Tuesday, May 19, 1998 Published at 16:11 GMT 17:11 UK
Crisis of confidence in UK food
Consumers want to know what is in their food
There was a stage in the late 1980s and early 1990s when UK consumers really did wonder what they were putting on their plates. Hardly a week went by without some new scare over the safety of food.
It was just a matter of time before the government would have to overhaul the Ministry of Agriculture, Fisheries and Foods (MAFF). The department's credibility was on the line: it was accused of putting the interests of producers and manufacturers above the safety of the public.
So when the Food Standards Agency was proposed by the new government, there might have been arguments about its remit and funding, but there was little dispute about the need for its creation.
Something had to be done to reassure the public.
Salmonella is one of the most common causes of food poisoning and can be fatal. It is contracted mainly through eating raw or undercooked food.
Her comments sparked a public outcry and two weeks later she resigned.
But, by early 1989, the House of Commons Select Committee on Agriculture had investigated the issue and concluded there was a link between eggs and salmonella poisoning.
E-coli 0157 is a rare strain of the E-coli family of bacteria, most of which are beneficial to human beings and found in almost all animals.
This rare strain is intestinally-related, causing haemorrhaging and therefore loss of blood.
A major outbreak caused by contaminated meat products occurred in Lanarkshire in Scotland in November 1996.
The outbreak claimed 20 lives and prompted the setting up of a government commission in November 1996.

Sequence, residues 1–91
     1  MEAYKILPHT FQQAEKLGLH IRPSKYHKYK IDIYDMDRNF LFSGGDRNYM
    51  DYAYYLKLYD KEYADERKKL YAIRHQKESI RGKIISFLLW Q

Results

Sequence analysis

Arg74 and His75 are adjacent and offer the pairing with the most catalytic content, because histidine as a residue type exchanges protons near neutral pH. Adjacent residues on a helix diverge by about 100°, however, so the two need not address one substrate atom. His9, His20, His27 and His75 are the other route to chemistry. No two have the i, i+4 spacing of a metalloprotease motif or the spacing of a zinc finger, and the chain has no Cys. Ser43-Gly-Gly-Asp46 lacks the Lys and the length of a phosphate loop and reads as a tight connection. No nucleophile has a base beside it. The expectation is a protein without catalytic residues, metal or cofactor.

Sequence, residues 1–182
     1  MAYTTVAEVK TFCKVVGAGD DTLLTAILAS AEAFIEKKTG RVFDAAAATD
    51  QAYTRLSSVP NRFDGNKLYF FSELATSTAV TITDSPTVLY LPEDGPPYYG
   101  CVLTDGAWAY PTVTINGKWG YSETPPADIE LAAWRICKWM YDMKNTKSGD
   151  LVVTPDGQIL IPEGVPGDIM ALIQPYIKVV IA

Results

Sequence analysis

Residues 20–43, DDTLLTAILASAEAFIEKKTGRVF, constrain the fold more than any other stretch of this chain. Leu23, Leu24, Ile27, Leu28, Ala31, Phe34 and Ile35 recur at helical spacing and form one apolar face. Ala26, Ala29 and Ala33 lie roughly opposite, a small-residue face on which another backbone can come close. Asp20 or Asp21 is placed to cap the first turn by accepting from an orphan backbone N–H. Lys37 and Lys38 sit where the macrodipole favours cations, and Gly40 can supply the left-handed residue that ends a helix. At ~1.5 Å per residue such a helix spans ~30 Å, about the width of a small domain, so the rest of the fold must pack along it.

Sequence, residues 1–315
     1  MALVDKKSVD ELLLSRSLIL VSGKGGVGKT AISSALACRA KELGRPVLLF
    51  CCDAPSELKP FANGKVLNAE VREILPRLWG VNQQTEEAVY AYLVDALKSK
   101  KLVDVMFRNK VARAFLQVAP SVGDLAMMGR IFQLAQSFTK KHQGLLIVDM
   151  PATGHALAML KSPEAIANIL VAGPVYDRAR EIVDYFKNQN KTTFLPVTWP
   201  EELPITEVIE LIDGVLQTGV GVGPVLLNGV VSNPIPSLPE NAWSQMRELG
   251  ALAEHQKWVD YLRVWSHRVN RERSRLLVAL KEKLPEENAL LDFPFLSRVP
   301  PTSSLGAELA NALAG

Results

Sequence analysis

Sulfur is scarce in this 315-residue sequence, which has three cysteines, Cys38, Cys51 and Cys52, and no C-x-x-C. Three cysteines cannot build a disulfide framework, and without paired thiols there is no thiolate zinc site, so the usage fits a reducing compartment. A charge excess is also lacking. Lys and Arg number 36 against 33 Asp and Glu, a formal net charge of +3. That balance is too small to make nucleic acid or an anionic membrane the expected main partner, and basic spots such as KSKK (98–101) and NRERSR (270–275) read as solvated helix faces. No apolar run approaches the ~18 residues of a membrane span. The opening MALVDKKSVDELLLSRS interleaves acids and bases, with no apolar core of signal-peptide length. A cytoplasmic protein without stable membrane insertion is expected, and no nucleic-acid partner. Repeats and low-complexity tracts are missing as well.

Led by Professor Hugh Pennington, the commission's brief was to examine the circumstances that led to the outbreak and to advise on the implications for food safety.
Professor Pennington, a microbiologist at Aberdeen University, made 32 recommendations covering every aspect of food production, consumption and advice on how to handle future outbreaks.
He recently accused the government of failing to tackle what he called a "crisis" in British food production.
Bovine Spongiform Encephalopathy (BSE) is a disease found in adult cattle. It was first identified in November 1986.
Scientists concluded it had probably been transmitted to cattle in their feed after changes were made to the way it was manufactured.
In 1996, the government told the House of Commons that a probable link had been established between BSE and Creutzfeld Jakob's Disease, a fatal condition which affects humans.
The announcement prompted public and political hysteria that resulted in the EU issuing a ban on all exports of British beef on March 25, 1996.
On April 16, 1996, it was announced that all animals aged over 30 months at the time of slaughter would be destroyed rather than be allowed to enter the human food chain.
Labour pledge to tackle problem
The Labour Party pledged in its manifesto to set up a Food Standards Agency which would put consumers first and restore public confidence in food production.
The blueprint for an agency, commissioned by Labour, was published by Professor Philip James, Director of the Rowett Research Institute in Aberdeen, within days of the General Election. It will be established before the end of 1999.
The new government has attempted to appear tough on food issues. It wants greater control of food supplements and unpasteurised milk, and it recently took the highly unpopular step of banning the sale of beef-on-the-bone.
But it believes urgent measures are now required. A record number of people suffered from food poisoning in 1997. Officially, 100,000 cases were reported, but scientists estimate the real number could be 10 times that figure.